Their daredevilry stole the thunder

A group of 14 young girls from a local college was the star attraction at the
Republic Day parade on the Mahatma Gandhi Marg in Bhuba­ne­swar this year.

Press photographers jostled with each other to click the girls’ photos while the crowd, present to witness the annual colourful event, cheered and attempted to shake hands with the team members. Some people were seen capturing the girls’ photos in their mobile phones.

The girls from the local Maharshi College of Natural Law, aged between 18 and 21, won adulation and admiration. For, they are members of the country’s first all girls’ daredevil team, displaying their skills in their maiden public show. “We all were on cloud nine. We had never imagined that we will be receiving such an encouraging response from the public. It was really a great feeling,” said Chinmayee Bhuyan, leader of the 14-member team, with a broad smile.

The team mesmerised the audience. “I had seen daredevil bikers from the armed forces displaying their skills in public shows. But I never thought that young college girls can also perform them. The girls’ balancing show was really marvellous,” said Pradip Senapati from Bhubaneswar, who was present on the Mahatma Gandhi Marg to witness the parade.

The all girls’ daredevil team couldn’t have seen the light of the day but for the efforts of one man-- Flying Officer Mihir Ranjan Saran, a professor in physics at the Maharashi college who doubles up as the college NCC officer.

An ace biker himself, Saran was instrumental in forming an all boys’ daredevil team in the college in 2011-- he also claims that the boys’ team was the first “non-military” daredevil team in the country which has won several awards and trophies across the state by displaying their skills in special shows and important events like Independent and Republic Day parades. The success of the boys’ team
encouraged the young professor to try and form the all-girl team.

Wanted to change perception

“I thought that if the boys can do it why not girls. They also can be part of a daredevil team though it is definitely a tough job. Moreover, I wanted to demo­lish the common perception that girls from Odisha are generally docile in nature and are unfit for hard and tough jobs in life,” Saran said. The girls, after the Republic Day show, proved that they were not inferior in anyway compared to the boys.

Selecting the girls was not a difficult task as they themselves were keen to be members of the new daredevil team. According to Chinmayee, she and her friends had seen the boys’ daredevil team practising on the college campus. That had generated interest in them to be part of a daredevil team and do the stunts. And when the opportunity came, they simply grabbed it. “We thought why the boys only should have all the fun,” said the young collegian, quoting the popular dialogue of a scooter commercial delivered by Bollywood actress Priyanka Chopra. To train girls, however, was tough. Before their maiden public show on Republic Day, Saran had made the girls to go through vigorous training sessi­ons for nearly a month.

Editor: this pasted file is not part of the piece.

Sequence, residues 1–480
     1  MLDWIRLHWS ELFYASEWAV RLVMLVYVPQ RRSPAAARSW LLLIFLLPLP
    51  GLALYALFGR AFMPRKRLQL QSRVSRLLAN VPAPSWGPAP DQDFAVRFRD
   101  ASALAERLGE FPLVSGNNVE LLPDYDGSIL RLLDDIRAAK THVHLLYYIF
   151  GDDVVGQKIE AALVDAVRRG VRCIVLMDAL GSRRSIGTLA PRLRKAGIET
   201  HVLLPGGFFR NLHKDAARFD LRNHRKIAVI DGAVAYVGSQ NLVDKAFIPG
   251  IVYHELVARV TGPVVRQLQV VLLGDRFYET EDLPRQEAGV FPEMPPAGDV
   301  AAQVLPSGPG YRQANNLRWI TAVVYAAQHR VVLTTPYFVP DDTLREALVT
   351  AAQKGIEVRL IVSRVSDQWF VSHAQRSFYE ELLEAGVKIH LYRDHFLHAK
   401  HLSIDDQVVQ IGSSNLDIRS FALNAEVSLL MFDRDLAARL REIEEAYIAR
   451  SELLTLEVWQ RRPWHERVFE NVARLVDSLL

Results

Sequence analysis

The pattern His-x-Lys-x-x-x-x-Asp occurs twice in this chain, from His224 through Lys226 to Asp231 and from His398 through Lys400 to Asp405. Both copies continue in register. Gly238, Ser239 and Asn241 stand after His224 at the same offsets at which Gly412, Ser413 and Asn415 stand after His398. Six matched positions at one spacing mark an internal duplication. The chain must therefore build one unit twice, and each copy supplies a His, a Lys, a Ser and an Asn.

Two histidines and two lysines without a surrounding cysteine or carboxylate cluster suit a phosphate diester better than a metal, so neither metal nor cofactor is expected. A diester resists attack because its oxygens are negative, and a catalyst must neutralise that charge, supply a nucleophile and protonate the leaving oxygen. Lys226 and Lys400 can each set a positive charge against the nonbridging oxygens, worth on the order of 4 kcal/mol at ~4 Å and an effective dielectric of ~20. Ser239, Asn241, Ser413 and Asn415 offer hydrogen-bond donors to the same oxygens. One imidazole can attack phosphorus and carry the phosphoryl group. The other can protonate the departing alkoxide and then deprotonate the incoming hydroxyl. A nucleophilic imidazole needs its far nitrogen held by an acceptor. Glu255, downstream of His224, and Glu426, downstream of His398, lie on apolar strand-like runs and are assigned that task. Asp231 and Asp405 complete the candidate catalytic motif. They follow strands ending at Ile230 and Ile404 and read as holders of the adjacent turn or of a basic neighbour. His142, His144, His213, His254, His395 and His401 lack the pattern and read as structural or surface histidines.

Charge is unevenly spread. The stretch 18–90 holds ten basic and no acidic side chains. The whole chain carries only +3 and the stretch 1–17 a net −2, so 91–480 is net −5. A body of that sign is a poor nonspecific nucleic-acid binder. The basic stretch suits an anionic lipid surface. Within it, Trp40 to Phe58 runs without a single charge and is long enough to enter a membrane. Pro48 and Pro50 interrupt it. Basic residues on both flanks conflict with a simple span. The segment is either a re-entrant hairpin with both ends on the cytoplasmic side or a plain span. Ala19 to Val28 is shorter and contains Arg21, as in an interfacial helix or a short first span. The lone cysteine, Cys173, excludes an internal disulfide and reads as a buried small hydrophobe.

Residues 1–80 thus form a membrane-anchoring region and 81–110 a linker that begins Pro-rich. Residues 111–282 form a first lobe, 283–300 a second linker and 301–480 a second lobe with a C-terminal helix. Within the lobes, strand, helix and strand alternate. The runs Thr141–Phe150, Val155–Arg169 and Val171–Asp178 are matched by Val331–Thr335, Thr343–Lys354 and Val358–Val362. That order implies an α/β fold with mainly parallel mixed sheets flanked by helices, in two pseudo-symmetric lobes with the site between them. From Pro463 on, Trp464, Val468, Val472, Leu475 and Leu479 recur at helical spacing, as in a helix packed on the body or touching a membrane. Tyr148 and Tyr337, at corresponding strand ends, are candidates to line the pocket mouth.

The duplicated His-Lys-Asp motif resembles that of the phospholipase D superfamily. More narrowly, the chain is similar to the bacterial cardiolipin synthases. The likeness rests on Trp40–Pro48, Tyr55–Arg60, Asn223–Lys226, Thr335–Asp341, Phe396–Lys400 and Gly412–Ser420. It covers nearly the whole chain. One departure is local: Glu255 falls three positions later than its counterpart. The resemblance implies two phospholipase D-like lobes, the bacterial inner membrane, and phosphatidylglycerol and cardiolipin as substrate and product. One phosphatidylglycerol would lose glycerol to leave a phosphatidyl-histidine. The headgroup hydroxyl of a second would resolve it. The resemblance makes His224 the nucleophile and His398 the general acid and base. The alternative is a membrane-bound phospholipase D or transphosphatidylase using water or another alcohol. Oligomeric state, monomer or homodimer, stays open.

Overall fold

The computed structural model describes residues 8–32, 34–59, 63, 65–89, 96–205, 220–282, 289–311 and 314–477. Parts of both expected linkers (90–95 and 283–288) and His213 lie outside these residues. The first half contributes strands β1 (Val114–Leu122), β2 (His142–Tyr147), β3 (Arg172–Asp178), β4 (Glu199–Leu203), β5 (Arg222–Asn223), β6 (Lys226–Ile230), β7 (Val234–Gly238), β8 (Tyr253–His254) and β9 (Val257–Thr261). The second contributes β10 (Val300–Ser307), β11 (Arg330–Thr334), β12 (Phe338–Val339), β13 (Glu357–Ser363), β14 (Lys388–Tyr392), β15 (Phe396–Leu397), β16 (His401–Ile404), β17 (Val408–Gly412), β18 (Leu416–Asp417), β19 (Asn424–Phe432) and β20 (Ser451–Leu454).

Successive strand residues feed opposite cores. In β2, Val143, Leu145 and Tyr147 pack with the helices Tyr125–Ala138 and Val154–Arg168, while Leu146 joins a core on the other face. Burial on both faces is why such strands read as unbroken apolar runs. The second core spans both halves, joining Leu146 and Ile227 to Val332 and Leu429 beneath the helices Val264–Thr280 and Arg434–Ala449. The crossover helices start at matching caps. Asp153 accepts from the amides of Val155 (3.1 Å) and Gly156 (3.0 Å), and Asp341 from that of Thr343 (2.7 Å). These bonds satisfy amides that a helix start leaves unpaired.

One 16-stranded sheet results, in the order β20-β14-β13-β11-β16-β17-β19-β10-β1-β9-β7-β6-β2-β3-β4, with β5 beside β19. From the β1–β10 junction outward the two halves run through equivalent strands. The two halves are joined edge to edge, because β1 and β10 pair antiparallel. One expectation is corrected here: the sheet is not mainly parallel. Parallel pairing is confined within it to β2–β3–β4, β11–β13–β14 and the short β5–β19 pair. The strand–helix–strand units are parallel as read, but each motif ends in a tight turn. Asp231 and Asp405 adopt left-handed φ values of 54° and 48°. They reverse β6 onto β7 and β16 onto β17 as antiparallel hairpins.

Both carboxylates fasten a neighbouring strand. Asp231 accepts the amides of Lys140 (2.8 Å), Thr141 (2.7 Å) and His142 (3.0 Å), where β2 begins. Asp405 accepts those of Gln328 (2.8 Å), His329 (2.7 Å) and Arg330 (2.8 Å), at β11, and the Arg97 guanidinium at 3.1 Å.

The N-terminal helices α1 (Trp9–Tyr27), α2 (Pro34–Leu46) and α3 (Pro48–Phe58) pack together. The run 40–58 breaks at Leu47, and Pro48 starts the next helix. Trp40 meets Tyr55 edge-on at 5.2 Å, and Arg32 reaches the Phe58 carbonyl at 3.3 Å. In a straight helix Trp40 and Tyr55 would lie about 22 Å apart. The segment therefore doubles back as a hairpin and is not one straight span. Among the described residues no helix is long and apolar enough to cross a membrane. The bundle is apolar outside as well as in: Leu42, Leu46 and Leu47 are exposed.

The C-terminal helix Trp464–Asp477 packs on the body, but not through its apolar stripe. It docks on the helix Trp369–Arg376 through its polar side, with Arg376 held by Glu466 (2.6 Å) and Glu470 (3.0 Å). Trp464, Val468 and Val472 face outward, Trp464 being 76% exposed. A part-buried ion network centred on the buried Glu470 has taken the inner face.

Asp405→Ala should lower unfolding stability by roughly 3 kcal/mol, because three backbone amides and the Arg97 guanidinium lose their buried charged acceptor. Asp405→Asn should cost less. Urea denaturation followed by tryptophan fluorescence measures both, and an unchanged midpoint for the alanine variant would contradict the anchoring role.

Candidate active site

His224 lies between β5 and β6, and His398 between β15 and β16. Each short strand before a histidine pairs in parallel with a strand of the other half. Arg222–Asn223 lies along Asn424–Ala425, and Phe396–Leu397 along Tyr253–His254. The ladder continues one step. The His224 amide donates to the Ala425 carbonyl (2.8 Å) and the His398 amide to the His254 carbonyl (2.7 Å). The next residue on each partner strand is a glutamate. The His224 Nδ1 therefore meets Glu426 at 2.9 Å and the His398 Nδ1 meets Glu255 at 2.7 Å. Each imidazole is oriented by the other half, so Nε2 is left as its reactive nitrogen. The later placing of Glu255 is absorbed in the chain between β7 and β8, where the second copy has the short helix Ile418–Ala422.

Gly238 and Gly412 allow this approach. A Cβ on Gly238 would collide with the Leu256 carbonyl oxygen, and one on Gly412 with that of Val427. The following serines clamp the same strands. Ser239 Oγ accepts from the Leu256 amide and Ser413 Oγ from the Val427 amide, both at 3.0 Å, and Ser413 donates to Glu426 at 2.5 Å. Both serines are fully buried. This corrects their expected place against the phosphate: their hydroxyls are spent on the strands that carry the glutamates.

What helped the girls in acquiring the daredevil skills was the self-defence training they had already received in the college-- a programme launched by the Odisha Government for girl students in educational institutions in all the districts. “The self-defence training played a major role in boosting our confidence and morale during our preparation for our maiden show,” said Chinmayee, who was also honing her skills in flying as a cadet pilot in the NCC.

The words of encouragement from their parents as well as college authorities boosted the girls’ confidence as well as professor Saran’s. “Neither the college authorities nor the parents of the girls ever discouraged me when I was building up the all-girl team. In fact, some of the parents came and told me that they had complete faith in me. These encou­raging words were enough for me to train girls and prepare them for their first public show during Repu­blic Day parade,” said the college teacher, adding that many parents had rung him up and congratulated on the girls’ spectacular show at the parade.

Regular training

The teacher, however, has a piece of advice for his girls. According to him, they need to continue their training as skills like balancing, etc which are
important components of daredevil exercises needed regu­lar practice. “They can better their skills only through regular training,” he said.

Saran’s next aim is to take his all-girl team to New Delhi to take part in Republic Day parade there. “We intend to display our skills in the national
capital,” said the professor . He added that the team was also looking for opportunities to showcase their talent abroad.

The success of the all girls’ daredevil team has already become a source of encouragement for many other girls from different colleges in the state capital to be part of the team. Saran said he had already been approached by at least 100 girls to train them after the success of Republic Day show. “The resp­o­nses from girls are overwhelming,” he says.

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